Tuesday, May 11, 2010

Nouriel Roubini: $1 Trillion Won't Fix Europe

NYU professor Nouriel Roubini said in an interview on tech ticker that the $1 trillion attempt to bail out Europe will fall short, and it's not the amount of money, but the fundamentals which led to the problem in the first place which will haunt the euro-zone for years into the future.

Roubini stated that all the $1 trillion will do is kick "the can down the road," and they'll have to face a similar problem again.

He especially noted how long it took Germany to implement austerity measures to be able to compete on a global basis, taking 15 years to change the private sector so labor costs reflected the market. With the countries like Greece, Portugal, Italy, Ireland and Spain, that probably isn't possible, as they lack the ability to deflate their currency to make it possible.

Roubini said even if these countries had the will and started today, it'll take years for them to make it happen, and it's questionable if they have the political will or if their people won't start riots and extraordinary civil unrest is the result.

The socialist, entitlement culture of these countries has brought all of this on, and now that it's time to pay the piper, there really aren't any answers over the near- or mid-term which will solve this problem.

This is why governments around the world need to quit spending and making promises that simply aren't able to be fulfilled, or be sustainable over a long period of time.

There could be huge amounts of violence and riots as austerity is forced on these countries in order for them to survive economically, and for the member states of the EU to pay out so much money, with their own citizens in many cases already upset over having to pay for their irresponsibility.

With the probability of higher tax and lower government spending, there are no guarantees any of this will work, and if the people in the countries will be willing to take it or not.

Roubini also believes these two measures will lead to a recession and possibly deflation, which would make it even more difficult to implement austerity measures on the people.

All of this because politicians and central banks won't say no. They've created a monster, now they have to deal with it.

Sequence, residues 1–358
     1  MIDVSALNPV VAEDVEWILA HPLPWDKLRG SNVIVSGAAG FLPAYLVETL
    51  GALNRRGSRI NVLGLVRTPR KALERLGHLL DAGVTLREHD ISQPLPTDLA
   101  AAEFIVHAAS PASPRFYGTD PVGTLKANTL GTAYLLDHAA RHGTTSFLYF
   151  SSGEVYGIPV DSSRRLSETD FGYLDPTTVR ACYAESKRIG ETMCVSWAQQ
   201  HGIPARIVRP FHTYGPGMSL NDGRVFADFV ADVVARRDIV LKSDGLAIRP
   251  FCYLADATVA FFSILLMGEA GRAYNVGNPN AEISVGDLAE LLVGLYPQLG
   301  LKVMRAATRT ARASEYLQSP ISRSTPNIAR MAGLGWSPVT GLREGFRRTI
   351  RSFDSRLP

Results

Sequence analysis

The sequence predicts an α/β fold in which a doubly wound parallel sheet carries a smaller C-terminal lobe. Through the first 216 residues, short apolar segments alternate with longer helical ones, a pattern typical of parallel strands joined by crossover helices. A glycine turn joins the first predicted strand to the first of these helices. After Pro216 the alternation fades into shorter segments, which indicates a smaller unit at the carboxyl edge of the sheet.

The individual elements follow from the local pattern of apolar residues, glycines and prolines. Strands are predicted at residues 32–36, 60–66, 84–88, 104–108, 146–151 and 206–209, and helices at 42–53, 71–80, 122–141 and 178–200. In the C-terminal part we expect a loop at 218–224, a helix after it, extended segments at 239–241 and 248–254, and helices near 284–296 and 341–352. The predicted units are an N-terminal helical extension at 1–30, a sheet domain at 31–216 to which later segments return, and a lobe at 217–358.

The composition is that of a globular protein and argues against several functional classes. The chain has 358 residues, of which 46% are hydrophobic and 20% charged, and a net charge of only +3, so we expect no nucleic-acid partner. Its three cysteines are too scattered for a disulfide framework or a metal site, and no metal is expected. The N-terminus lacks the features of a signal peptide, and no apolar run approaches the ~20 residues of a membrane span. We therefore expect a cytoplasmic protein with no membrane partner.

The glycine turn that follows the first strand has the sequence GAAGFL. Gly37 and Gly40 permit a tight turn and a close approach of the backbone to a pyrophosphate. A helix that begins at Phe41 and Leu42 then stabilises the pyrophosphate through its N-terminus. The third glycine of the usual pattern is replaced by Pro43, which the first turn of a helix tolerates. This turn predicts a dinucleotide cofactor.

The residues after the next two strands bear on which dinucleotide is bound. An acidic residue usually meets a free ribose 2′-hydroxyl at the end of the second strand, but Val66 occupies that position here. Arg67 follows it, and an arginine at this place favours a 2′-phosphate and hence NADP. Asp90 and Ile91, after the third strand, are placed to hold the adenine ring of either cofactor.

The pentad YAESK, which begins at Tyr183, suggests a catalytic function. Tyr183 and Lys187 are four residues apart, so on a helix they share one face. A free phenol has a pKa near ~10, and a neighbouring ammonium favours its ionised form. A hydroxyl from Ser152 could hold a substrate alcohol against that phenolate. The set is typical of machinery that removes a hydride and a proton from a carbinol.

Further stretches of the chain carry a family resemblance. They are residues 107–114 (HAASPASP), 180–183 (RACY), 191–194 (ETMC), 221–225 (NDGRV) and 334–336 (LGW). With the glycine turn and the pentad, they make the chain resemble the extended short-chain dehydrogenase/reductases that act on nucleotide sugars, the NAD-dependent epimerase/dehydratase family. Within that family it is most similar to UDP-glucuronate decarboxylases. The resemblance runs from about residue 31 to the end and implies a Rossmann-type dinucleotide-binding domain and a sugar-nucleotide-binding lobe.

To create a generation of people who believe they're entitled to what they are handed out by the government is a disaster, and all of us know when people are treated that way, when you say they can't have it any more, all hell will break loose, and we've already seen glimpses of that in Greece.

This won't work like politicians think it has worked during the recession, as the amount of money and the people being affected aren't the same as those in Asia, the U.S. or the UK. These people believe they should be able to continue receiving their handouts from the government in its various forms, and they don't want to hear anything else.

The bailouts in other areas of the world bought time, and even though we really aren't sure it has bought enough time, it has some possibility of working, although there are still a lot of consequences like inflation which will have to be dealt with.

But with the length of time it'll take for the PIIGS to change their economies and entitlement culture is many years, and $1 trillion can't buy that kind of time, or even close to it.

This is what Roubini means by kicking the can down the road. There simply isn't enough money to save these nations, and already the Federal Reserve has reportedly sent a bunch of money to banks in Europe to lend out. How long will Americans put up with that once they're clued into what's happening?

In the end, these countries will fail or fall into chaos, as a generation of those receiving redistributed money and perks find out there's no one else to take money from.

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